Year Of The Very Big Head

McDonald, John, Sydney Morning Herald

The subjects and the canvases loom large, but John McDonald wishes more of this year's Archibald finalists were bolder.

DEJA VU: that feeling of having experienced something before. Welcome to the 2006 Archibald Prize, featuring the same artists you may have seen in the previous year's competition, and the one before that.

The Archibald never changes too drastically from year to year. There is always some minor controversy. There is an indigestible mixture of the most conservative and loopy kinds of portrait. Entertainment is the name of the game with this annual crowd-pleaser.

If one follows those unwritten guidelines for picking an Archibald winner, this year should be the year of a big head rather than full figure. It is also the year for a more realistic work rather than an expressionistic one. By this line of reasoning, John Beard's Ken Unsworth would be in the slot, as the most impressive "big head" painted with a kind of photographic precision.

The Beard is certainly one of the better pictures in a pretty dismal selection. Yet I will be surprised if anything gets past Ben Quilty's Adam Cullen - before and after.

The longer I looked at the offerings on display, the more this painting stood out. It has been given the prime spot in the hang, framed by successive doorways. Factor in that Quilty is a well-regarded young artist who made an impressive Archibald debut last year with a portrait of Beryl Whiteley, and the odds are shrinking fast.

Let's take a more systematic look at some of the likely and unlikely candidates.

This painting is full of bravura. Quilty slaps on the paint with a trowel, yet manages to capture a very good likeness of his subject. Two-panelled pictures often seem stagey or laboured, but this one has a Jekyll and Hyde aspect - the dark, leering Adam Cullen in the left-hand panel, and the sober, demure model on the right. This is a horribly close to life, reflecting Cullen's alternating ambitions of being the darling of the avant-garde, and the toast of the art establishment. There is nothing finicky or cautious about this painting, and this alone makes it stand out from a timid field.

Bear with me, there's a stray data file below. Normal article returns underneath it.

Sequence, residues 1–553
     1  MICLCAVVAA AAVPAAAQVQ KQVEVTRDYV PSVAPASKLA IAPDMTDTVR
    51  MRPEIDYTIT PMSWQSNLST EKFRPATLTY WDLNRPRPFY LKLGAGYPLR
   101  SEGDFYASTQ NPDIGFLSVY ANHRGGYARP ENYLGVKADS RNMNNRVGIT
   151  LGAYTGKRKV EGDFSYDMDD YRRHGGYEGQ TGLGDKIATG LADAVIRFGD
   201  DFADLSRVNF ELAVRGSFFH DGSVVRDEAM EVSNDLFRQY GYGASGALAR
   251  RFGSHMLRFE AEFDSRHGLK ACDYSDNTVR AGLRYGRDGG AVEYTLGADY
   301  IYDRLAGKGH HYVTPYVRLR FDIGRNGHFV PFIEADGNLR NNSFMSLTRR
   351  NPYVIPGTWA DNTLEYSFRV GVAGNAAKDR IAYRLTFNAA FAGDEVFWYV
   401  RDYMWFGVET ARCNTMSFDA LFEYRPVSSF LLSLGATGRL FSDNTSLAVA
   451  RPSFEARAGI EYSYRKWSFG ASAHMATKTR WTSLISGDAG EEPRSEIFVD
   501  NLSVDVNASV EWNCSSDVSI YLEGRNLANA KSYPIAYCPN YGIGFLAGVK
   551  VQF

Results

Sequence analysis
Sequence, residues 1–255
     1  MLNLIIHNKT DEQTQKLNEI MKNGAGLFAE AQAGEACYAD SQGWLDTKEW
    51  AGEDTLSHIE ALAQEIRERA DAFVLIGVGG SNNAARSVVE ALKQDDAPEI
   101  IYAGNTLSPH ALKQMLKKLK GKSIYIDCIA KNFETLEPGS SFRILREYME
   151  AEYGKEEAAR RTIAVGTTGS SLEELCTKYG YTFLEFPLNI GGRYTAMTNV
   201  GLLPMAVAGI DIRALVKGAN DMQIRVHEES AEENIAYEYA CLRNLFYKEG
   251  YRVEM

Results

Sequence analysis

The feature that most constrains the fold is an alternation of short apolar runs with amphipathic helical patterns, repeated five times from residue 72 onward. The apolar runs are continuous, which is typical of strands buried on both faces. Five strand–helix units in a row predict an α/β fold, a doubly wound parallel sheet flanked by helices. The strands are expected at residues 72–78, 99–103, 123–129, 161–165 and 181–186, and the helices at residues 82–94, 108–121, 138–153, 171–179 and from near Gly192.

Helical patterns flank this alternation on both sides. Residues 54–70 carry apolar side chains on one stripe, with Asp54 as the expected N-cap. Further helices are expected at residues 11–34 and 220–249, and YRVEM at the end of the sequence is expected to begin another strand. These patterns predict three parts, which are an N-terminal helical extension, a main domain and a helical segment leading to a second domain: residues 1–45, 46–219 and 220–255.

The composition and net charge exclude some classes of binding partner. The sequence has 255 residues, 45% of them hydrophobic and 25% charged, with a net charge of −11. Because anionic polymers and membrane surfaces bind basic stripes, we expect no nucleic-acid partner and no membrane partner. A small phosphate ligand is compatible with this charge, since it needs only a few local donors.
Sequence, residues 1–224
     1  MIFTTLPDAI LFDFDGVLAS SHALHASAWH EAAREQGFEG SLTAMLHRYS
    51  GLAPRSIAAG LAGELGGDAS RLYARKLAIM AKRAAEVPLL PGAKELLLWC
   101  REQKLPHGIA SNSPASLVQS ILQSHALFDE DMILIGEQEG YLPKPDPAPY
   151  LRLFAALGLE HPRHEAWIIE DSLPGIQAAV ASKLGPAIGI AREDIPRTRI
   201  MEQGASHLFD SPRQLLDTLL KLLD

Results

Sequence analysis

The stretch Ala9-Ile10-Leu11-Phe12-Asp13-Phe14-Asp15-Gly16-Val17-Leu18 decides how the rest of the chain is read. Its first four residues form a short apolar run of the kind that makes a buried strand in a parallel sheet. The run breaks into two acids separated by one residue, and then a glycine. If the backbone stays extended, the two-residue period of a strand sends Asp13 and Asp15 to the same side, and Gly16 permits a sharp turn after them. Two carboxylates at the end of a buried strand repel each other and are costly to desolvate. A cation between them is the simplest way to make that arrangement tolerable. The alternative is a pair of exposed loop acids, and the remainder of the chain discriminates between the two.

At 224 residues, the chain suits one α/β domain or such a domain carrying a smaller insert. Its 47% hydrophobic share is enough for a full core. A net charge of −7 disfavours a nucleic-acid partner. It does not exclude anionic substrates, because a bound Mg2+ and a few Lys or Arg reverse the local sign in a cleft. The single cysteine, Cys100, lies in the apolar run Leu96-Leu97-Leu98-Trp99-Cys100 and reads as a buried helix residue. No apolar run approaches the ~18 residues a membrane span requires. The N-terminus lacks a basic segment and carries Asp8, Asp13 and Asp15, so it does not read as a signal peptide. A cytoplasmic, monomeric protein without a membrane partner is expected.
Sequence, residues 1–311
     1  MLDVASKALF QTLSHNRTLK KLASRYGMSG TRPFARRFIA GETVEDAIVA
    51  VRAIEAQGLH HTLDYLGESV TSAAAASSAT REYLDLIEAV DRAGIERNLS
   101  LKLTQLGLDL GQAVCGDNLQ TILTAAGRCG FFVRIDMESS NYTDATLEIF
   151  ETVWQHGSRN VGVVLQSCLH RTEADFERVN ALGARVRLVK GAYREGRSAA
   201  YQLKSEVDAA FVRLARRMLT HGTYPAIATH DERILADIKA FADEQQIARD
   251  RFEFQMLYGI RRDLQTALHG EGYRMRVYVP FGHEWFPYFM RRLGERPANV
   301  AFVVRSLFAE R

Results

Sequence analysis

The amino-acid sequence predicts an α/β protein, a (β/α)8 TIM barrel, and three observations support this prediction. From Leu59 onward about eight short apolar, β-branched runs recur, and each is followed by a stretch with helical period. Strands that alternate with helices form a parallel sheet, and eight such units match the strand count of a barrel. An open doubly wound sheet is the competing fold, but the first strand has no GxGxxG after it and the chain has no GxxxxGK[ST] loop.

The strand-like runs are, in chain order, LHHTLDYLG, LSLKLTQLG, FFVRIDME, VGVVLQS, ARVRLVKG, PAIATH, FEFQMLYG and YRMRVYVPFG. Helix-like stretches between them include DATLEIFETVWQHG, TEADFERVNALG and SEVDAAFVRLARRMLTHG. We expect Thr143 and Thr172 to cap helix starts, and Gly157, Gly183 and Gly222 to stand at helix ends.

Another artist painting an artist. Beard's portrait of the sculptor Hilary Mais was well-received last year, and this always helps one's chances next time around. Using a very limited palette, Beard has brought off a striking likeness of Ken Unsworth, who wears his usual haunted look. Where Quilty goes for broke, Beard conjures a form of understated intensity. The portrait may, however, be a little too introverted to be a winner.

Will Kerrie Lester, the eternal Archibald bridesmaid, ever win the prize? If the trustees wanted to be merciful they could very credibly give it to this portrait of director Phillip Noyce, which is Lester's best entry for the past few years. Noyce has one of those expressive faces that artists love to paint and sculpt, and the painting is beautifully simple and gimmick-free. That is, so long as one allows for Lester's trademark stitched outlines.

McLean Edwards, another young lion, has already received a good deal of publicity for this typically awkward picture of the actor and her family. It is a painting in which the parts don't quite gel, and the ghost of caricature hovers in the wings. Yet it has a degree of originality that sets it apart from most of the other entries. Clumsiness in art is less of a sin than cliche. 

Paul Ryan's portrait of a fellow devotee of Very Thick Paint, Nicholas Harding, is at first glance a good, lively picture, with a surface that never sits still. It gets a bit scratchier on closer acquaintance, with the accumulation of paint on the face echoing that of a famous Lucian Freud self-portrait. But if the trustees were looking to reward an artist who really struggles, it would be hard to overlook this battlefield of a canvas.

This is the talking point this year: a western desert painting nominated as a self-portrait, that looks - to all intents and purposes - like all the other western desert paintings we know as landscapes. Weaver Jack owes his inclusion to the judges' desire to show they care about cultural differences.

I hope he's not already spending the prize money.

One has to ask why the trustees are hanging Adam Cullen's portrait of the director of the Art Gallery of NSW when two years ago they refused to hang one by Shen Jiawei? It can't be because Cullen's is the better picture. It's a shocker. Capon is given the George A. Romero treatment, as one of the Living Dead. Compare this work to Ben Quilty's portrait of Cullen himself, and you can only think that both artist and the trustees are not being serious.

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Originally published in the Sydney Morning Herald, March 17, 2006.

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